Thursday, November 19, 2009

Whatever Happened to Peak Oil USA?

The Peak Oil doom movement predicts rapid declines in oil production, once it has peaked. The peak for the US was supposed to have occurred decades ago. Yet instead of steady declines in US oil production, we are seeing increases. This was not supposed to happen.
US crude oil production for October averaged 5.36 million barrels per day, continuing at levels not seen since 2005, according to the American Petroleum Institute’s (API) Monthly Statistical Report.

Crude production from the Lower 48 states averaged 4.67 million barrels per day, up from both last year and prior months. Even though crude production last October had recovered from precautionary platform shut-ins in the Gulf of Mexico in the face of hurricanes Gustav and Ike last September, output levels then were still lower than this October’s by nearly 15%. Meanwhile, Alaskan output, at 696,000 barrels per day, slipped from last October by 2.8% but rebounded from this summer’s lows of less than 600,000 barrels per day.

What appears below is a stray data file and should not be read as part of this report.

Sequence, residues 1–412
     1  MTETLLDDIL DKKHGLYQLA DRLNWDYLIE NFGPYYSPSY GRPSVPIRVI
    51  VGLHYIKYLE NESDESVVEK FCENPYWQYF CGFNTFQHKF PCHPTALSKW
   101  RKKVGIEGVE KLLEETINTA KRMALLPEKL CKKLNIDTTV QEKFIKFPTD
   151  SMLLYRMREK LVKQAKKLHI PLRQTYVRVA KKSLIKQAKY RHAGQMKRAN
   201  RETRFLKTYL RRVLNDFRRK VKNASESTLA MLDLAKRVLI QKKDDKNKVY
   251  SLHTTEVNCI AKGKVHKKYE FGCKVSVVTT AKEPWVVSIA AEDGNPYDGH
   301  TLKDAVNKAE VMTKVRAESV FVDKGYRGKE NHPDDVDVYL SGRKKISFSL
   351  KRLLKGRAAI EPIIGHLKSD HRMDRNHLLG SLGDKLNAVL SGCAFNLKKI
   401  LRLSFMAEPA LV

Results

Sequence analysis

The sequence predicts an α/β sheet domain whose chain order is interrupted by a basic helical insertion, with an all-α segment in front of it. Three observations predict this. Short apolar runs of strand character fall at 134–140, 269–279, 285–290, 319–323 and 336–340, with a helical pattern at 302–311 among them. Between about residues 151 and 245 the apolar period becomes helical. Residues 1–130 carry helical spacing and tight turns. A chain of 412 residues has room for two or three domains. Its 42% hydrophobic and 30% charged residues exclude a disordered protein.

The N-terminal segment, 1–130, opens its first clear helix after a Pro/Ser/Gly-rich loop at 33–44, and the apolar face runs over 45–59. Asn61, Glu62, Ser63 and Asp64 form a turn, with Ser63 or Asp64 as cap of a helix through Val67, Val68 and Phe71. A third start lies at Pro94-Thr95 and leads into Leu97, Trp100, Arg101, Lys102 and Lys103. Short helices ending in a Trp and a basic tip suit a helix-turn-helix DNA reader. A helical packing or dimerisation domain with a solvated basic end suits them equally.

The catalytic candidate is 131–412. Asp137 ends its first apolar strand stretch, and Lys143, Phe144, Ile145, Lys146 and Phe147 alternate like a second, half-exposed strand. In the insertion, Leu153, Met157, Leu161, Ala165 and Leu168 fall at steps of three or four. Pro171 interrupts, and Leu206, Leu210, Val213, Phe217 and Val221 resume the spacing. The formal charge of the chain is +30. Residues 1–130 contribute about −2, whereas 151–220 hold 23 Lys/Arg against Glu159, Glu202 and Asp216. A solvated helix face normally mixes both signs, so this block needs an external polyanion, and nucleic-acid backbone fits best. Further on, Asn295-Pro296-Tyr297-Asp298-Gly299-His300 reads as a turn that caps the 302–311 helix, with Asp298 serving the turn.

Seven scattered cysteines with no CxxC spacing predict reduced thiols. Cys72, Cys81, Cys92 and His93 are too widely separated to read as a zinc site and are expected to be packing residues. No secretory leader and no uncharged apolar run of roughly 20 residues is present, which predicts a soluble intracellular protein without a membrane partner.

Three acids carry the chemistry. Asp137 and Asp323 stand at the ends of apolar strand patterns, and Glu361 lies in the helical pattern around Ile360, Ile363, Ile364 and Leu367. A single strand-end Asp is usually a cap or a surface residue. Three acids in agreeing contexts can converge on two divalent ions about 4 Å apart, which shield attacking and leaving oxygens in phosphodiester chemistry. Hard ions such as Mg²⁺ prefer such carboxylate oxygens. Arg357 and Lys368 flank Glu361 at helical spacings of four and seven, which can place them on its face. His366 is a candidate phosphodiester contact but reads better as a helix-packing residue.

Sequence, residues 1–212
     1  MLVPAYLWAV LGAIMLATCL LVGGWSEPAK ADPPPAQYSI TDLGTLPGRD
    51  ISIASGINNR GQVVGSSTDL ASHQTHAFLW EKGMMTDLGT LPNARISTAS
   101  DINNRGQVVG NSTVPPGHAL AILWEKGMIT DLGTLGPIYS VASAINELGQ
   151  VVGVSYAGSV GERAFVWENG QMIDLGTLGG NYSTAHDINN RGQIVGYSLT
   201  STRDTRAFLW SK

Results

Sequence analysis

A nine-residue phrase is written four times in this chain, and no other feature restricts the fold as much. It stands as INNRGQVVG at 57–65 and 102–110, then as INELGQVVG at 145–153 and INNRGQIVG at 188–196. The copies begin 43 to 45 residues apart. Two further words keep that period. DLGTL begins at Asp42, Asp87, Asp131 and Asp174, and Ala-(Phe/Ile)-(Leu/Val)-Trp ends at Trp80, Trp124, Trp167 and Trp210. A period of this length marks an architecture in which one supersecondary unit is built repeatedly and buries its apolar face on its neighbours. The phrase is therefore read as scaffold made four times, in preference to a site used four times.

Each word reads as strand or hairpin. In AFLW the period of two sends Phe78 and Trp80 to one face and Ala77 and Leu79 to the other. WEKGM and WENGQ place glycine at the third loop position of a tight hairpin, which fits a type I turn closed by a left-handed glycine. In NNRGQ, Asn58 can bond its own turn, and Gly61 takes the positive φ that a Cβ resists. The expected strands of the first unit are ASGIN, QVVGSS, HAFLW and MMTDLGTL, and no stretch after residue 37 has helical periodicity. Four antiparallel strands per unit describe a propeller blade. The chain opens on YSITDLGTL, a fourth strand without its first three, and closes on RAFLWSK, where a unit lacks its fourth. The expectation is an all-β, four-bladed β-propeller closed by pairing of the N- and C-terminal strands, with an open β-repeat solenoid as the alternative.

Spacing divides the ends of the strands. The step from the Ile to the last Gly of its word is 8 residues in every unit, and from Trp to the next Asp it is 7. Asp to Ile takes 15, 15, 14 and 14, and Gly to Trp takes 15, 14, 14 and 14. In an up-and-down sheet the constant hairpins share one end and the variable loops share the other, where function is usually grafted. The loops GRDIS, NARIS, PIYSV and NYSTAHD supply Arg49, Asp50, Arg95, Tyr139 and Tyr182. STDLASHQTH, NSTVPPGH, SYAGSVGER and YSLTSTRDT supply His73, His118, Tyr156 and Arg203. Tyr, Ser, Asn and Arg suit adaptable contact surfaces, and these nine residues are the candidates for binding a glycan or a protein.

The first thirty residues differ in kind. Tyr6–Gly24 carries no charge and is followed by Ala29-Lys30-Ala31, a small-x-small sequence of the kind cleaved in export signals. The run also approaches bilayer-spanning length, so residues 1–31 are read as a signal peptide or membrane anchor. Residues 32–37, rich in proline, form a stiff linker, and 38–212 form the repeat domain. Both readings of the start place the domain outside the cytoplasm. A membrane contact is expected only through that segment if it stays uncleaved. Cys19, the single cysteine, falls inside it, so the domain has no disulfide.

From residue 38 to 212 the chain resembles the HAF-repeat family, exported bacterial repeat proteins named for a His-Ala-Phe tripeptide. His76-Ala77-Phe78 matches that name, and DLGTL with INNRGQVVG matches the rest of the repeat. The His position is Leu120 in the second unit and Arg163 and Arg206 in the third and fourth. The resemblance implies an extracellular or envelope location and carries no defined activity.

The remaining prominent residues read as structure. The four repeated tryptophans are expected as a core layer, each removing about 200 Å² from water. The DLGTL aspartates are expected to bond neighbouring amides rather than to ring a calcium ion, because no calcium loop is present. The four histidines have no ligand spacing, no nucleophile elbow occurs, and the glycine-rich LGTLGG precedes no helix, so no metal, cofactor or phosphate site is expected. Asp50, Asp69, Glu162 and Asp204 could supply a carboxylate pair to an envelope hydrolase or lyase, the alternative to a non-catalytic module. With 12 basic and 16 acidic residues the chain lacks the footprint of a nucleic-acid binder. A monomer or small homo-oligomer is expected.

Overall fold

The October production figures continue to detail the industry’s success story in the Gulf of Mexico, particularly the deep waters, as well as the way new technologies have helped bring on new production both offshore and onshore.

—API Statistics Manager Ron Planting

On the demand side, gasoline deliveries for October showed their first decline since May, dropping 0.5 percent from last October’s delivery surge that followed hurricane-related supply interruptions of September 2008. However, had deliveries a year ago followed a pattern more in line with historical patterns, API estimates that this year’s gasoline deliveries for October would have shown their fifth year-to-year increase in a row—though perhaps by only about one half of one percent. _GCC
No one knows how high oil production in the Bakken field of North Dakota may grow. No one knows how high oil production in promising offshore oil fields might grow.

What we have here, is political peak oil. If political kingpins around the world can initiate policies that clamp a lid on oil exploration and production, then oil production might easily stall, or drop.

But surely that is not the type of peak oil that has gotten so many fervent believers in such an uproar?



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